Re-establishing my Identity as a Woman

Updated: Feb 12, 2021



‘Who do you want to be?’

My therapist asked me this the other day. A few years previously I would’ve said without a moment’s thought, ‘Either Judi Dench or Emma Thompson. I don’t mind which”. But now? I found myself in silence.


I brought this up with a friend earlier in the year, when we could happily walk around outside past 5pm clad in linen trousers and a mere vest. I broke down to her in a cliched, post pubescent tantrum about how I ‘so desperately wanted someone else to decide who I was for the day’.


She rolled her eyes at me, and said we both very well know I had just been reciting the “I want someone to tell me how to live my life” monologue from Fleabag…


But, that being said, the question remained, who am I? I’m not the first to have thought of it, far from it. But isn’t that why it’s so terrifying?


Finding yourself’. Two words greatly despised by most who didn’t go on a gap year, or brushed off as a privileged folly. But actually it holds a lot of significance. Forget the drug fuelled antics and drunken tattoos, the ambition to find oneself seems to be kickstarted by a wave of adrenaline that pushes a lot of us after we leave school.


A term coined by many modern psychologists is ‘self-realisation or actualisation’, in which Gerwith (a famous American philosopher) defines: “It is bringing oneself to flourishing completion...the successful culmination of ones aspirations and potentialities”. This can sound very vague, but the understanding is reflected in the modern day. From aiding the development of infancy, to more recognisably, the western interpretation of Eastern religions like Buddhism. The relationship between the ideal self (who we see ourselves to be) and our actual self (who we are) is thought to show to what extent our self-esteem and mind are content.




Now it must be noted, psychological research must be taken with a pinch of salt sometimes, though some would argue a vat’s worth. There are many issues with methods of research and validity within psychology, but what I found really speaks volumes, was the recognition of emotional unease that occurs when there is a notable discrepancy between the ideal and actual self.


For example, an ideal that is brought upon us, is a series of preconceptions upheld by society aimed at women. What women wear, do, say and be all the time. Instead of being able to simply think about women’s individual needs. First we must meet a benchmark, then and only then, do we have the potential to flourish as an individual equal in the world.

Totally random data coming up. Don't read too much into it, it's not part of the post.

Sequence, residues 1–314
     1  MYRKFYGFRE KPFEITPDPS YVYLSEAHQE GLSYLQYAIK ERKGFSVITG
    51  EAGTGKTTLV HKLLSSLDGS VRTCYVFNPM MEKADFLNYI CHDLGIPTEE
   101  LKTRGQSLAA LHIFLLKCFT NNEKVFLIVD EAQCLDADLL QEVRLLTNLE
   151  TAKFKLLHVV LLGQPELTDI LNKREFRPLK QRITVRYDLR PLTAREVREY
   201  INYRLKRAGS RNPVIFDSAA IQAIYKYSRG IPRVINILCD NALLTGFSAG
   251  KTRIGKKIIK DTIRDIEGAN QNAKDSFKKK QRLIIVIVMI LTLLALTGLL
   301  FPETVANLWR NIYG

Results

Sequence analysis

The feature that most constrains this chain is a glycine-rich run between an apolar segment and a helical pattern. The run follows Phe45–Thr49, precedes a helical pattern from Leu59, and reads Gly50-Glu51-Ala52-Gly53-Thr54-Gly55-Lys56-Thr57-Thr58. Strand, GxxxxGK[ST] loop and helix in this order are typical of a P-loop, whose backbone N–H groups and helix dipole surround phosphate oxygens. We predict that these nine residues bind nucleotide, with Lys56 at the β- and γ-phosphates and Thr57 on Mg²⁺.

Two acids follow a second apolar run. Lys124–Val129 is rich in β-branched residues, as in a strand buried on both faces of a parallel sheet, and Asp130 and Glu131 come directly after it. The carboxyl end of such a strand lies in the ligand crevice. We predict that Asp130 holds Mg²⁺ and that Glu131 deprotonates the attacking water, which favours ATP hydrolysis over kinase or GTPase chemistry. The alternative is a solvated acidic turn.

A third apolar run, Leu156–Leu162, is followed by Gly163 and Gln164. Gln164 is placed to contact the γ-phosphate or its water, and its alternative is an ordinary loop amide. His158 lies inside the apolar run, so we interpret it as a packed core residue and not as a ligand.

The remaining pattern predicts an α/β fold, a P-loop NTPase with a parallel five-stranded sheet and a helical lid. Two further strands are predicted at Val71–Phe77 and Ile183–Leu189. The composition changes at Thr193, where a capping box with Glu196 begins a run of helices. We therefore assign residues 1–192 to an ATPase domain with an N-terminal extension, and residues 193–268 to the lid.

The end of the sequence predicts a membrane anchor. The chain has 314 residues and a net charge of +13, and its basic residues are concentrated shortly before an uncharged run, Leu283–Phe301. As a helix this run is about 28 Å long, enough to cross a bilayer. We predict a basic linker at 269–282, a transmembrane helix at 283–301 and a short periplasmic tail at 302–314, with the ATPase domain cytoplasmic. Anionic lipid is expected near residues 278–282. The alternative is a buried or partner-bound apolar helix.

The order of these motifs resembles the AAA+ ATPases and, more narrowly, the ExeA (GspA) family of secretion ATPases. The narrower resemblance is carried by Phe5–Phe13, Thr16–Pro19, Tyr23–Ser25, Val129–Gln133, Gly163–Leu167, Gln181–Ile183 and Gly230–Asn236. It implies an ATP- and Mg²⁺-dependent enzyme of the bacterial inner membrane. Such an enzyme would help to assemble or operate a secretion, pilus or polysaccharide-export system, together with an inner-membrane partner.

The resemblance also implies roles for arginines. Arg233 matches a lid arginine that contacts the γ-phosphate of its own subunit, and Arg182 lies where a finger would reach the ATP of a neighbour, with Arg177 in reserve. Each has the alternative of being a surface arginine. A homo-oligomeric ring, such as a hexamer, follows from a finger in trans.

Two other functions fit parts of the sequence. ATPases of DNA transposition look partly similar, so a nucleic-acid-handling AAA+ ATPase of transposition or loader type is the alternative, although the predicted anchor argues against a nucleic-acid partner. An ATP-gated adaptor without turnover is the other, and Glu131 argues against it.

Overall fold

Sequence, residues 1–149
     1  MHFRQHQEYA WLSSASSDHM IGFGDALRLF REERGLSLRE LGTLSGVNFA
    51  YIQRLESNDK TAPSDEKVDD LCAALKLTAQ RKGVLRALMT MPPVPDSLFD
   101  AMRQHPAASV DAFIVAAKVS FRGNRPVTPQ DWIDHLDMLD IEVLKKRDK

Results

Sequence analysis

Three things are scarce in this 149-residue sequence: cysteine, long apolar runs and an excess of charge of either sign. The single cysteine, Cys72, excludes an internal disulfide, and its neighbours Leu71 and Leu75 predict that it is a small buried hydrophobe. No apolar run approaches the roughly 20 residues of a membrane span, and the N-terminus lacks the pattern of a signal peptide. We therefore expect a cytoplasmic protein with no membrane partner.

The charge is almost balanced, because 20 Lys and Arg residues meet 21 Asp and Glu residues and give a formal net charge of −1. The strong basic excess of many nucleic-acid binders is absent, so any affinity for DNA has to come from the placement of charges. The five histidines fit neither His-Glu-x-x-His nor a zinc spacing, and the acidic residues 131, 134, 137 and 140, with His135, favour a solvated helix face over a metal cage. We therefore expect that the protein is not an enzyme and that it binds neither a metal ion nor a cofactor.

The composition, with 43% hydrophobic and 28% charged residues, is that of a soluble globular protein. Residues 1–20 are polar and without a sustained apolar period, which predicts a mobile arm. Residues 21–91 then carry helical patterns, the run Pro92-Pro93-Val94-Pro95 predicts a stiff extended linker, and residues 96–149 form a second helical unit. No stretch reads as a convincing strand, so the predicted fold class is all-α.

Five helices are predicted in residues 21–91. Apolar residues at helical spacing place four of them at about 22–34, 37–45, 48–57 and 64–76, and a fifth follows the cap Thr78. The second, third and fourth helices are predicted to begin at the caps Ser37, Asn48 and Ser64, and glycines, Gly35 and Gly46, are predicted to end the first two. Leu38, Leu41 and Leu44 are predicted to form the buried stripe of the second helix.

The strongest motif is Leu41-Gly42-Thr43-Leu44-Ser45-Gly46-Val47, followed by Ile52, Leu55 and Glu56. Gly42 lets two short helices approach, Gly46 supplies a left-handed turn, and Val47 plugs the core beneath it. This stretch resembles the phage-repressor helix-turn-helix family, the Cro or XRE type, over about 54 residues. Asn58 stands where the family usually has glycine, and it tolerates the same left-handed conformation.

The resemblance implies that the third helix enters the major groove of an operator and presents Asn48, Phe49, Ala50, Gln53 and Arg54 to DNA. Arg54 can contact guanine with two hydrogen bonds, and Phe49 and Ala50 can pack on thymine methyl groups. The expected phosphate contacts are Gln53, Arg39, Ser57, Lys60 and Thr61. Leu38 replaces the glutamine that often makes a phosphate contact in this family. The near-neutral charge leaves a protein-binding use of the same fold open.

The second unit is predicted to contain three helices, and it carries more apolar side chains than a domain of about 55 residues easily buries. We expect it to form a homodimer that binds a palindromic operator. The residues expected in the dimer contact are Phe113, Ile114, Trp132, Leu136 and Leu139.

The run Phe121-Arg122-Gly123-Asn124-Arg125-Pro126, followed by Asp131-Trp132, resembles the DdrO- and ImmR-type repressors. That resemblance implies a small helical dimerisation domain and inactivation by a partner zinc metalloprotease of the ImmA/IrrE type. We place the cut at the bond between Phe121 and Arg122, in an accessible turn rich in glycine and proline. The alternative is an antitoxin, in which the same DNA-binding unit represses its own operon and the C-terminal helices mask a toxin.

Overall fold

The effort it takes to maintain the minimum standard of acceptability in society is exhausting (and expensive!). Not to mention, so consuming that I personally hadn’t been aware of my ‘aspirations and potentialities’ as a person. I’d been unable to escape from the burdens and expectations handed by society to be both busy, fit, healthy and happy, whilst also coping with the fact that I may not be able to work in the industry I want to. And I know that I am now alone in feeling overwhelmed by this.


Because of a mere 10 months of global panic, a lot of us have been forced to be idle. With a government telling people like myself who are in the creative industry, to perhaps take a second glance at the career’s advisors notes (who concluded that I’d make a successful tree surgeon I might add). To feel fulfilled creatively seemed like a mountain too high to climb.


For many women, in the West and Globally, our identity somewhat regressed back to ‘daughter’, ‘mother’, ‘lover’ and ‘wife’, (not all simultaneously) as women disproportionately lost their jobs in their pandemic.


No wonder then, did I find myself on the end of the phone to my therapist, wide eyed and in silence.


What I’ve begun to acknowledge is that there is no prescription for a self-actualised life. I’ll never suddenly wake up one day and feel like I’ve filled all the above criteria for my ideal self. But if I do wake up, grateful, proud and inspired, and I’m able to notice my worth by focusing on these feelings. That’s enough.


The process of recognising and not disregarding our emotions is crucial to trusting and forming a better relationship with our identity. What I’ve learnt is that it doesn’t as much rely on my work, my esteem, my friendships, my relationships or even my follower count as it does on how I feel right now, in this moment, in my life.




Citation:

Gewirth, Alan. Self-Fulfillment. Princeton University Press, 1998. JSTOR, www.jstor.org/stable/j.ctt7tbk6. Accessed 9 Dec. 2020.